The circumstances almost sound too tragic to be true. However, devastatingly, they are not.

A recently-widowed man has filed a wrongful death lawsuit against the government and a corporation responsible for managing a public school after his wife suffered a deadly fall while paying her respects at the funeral of a fallen soldier.

The victim’s sister reports that the woman had walked across the stage at the school in which the funeral was being held, in order to speak to the soldier’s mother. She fell into the pit area in front of the stage, and suffered serious internal injuries from which she ultimately died during hospitalization.

Once again, our Chicago personal injury lawyers’ efforts have paid off. Just this month, Chicago personal injury attorney, John J. Perconti, obtained a $1.2 million settlement against an adult social club and day center after an 87 year-old man fell and hit his head, suffering a serious brain injury that led to his death five days later.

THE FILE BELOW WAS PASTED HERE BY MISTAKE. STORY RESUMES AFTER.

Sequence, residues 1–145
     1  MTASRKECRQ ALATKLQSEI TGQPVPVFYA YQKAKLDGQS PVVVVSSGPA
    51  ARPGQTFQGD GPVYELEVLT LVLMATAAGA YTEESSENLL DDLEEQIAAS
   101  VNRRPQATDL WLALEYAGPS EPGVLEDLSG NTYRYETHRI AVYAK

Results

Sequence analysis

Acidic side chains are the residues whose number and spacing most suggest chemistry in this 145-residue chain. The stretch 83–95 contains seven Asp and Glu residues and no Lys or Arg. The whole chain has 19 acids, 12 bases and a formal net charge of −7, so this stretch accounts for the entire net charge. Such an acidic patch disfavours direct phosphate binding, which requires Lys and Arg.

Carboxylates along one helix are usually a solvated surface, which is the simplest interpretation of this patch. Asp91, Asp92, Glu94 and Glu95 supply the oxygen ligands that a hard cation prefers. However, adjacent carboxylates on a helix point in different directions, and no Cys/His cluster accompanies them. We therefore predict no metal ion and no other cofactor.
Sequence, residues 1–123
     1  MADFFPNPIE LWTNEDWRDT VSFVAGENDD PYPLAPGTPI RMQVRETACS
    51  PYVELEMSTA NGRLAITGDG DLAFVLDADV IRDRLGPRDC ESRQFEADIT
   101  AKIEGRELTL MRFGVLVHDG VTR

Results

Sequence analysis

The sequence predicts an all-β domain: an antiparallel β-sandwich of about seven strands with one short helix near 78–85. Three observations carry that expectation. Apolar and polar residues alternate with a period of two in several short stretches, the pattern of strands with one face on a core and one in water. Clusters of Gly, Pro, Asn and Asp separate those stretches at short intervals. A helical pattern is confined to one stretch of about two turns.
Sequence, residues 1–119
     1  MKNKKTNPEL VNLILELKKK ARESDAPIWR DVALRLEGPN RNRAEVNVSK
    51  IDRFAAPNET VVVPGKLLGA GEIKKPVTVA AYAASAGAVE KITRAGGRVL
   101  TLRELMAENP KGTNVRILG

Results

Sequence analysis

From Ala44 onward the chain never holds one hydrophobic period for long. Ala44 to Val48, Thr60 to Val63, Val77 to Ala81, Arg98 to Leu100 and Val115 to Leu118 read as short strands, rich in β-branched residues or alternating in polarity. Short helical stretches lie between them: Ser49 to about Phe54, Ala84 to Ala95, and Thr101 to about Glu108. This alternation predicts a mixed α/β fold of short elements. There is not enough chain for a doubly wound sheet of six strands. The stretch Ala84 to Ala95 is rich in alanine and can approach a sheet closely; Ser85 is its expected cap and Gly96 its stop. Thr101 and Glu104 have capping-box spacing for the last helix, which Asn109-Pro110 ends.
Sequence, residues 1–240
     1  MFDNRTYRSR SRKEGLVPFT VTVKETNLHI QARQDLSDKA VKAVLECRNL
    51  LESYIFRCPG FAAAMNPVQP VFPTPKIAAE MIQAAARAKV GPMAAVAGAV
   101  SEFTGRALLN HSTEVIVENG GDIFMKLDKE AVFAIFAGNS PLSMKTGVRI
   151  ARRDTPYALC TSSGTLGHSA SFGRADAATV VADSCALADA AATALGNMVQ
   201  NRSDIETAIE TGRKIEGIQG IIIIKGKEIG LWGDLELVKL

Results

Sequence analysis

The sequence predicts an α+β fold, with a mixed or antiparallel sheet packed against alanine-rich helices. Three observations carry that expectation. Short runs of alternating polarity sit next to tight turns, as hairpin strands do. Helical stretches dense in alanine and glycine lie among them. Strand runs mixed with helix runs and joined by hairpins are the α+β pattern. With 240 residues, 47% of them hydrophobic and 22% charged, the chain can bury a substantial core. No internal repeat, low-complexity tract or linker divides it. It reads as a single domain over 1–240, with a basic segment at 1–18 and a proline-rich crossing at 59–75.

The fall was captured on a surveillance video on the property, which revealed that employees of the defendant facility failed to properly supervise and assist the man despite the fact that they knew he required assistance, and that the property owners failed to maintain a safe and properly-designed curb ramp on the property, as well as failed to warn users of the dangers of the curb ramp.

At the time of the injury, the man was leaving the club to be transported home on one of the facility’s waiting busses. He had a care plan in place that required employees to help him with ambulation, but none of the employees were nearby to help the man as he walked to the bus.

Our Chicago personal injury lawyers work tirelessly to get compensation for our clients after they have been harmed in dangerous circumstances. Nevertheless, as any Chicago personal injury attorney will attest, the best situation is the one in which the injury never occurs in the first place.